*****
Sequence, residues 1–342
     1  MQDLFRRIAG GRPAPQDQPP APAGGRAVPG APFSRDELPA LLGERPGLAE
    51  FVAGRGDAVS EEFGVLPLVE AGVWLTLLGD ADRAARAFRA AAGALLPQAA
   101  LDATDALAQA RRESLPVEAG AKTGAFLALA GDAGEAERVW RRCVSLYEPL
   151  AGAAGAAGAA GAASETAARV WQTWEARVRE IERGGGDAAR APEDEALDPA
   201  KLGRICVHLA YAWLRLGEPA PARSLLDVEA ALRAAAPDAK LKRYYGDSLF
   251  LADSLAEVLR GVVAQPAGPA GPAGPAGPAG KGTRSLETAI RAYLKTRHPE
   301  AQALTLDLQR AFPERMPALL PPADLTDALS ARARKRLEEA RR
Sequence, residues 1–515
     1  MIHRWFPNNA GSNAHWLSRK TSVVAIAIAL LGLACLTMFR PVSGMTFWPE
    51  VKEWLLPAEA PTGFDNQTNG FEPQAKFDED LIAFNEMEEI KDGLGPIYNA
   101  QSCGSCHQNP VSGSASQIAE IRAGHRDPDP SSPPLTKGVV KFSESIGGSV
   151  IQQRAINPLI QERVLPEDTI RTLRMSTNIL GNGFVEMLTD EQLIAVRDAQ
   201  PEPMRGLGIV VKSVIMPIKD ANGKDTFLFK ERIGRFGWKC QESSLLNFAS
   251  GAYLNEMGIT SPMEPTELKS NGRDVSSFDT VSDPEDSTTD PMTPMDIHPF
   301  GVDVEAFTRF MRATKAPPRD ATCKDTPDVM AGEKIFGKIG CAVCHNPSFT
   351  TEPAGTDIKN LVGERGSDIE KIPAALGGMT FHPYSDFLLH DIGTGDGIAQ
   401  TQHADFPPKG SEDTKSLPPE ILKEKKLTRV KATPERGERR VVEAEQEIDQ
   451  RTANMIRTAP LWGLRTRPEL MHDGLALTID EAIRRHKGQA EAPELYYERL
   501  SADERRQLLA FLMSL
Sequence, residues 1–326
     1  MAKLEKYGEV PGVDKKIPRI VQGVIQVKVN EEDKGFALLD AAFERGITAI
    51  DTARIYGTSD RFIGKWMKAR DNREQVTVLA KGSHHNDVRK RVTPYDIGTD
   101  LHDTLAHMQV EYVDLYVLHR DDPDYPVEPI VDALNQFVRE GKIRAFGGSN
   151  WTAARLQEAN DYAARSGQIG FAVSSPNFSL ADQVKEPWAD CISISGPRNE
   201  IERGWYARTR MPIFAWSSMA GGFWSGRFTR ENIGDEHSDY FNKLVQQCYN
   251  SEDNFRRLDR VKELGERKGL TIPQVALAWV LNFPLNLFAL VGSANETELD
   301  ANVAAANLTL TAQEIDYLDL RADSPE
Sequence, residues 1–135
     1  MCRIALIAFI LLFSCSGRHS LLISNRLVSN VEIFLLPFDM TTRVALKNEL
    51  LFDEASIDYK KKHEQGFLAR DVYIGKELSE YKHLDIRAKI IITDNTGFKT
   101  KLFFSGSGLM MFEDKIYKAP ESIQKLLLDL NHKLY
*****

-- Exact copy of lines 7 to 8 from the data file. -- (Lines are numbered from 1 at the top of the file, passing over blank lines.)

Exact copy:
   251  LADSLAEVLR GVVAQPAGPA GPAGPAGPAG KGTRSLETAI RAYLKTRHPE
   301  AQALTLDLQR AFPERMPALL PPADLTDALS ARARKRLEEA RR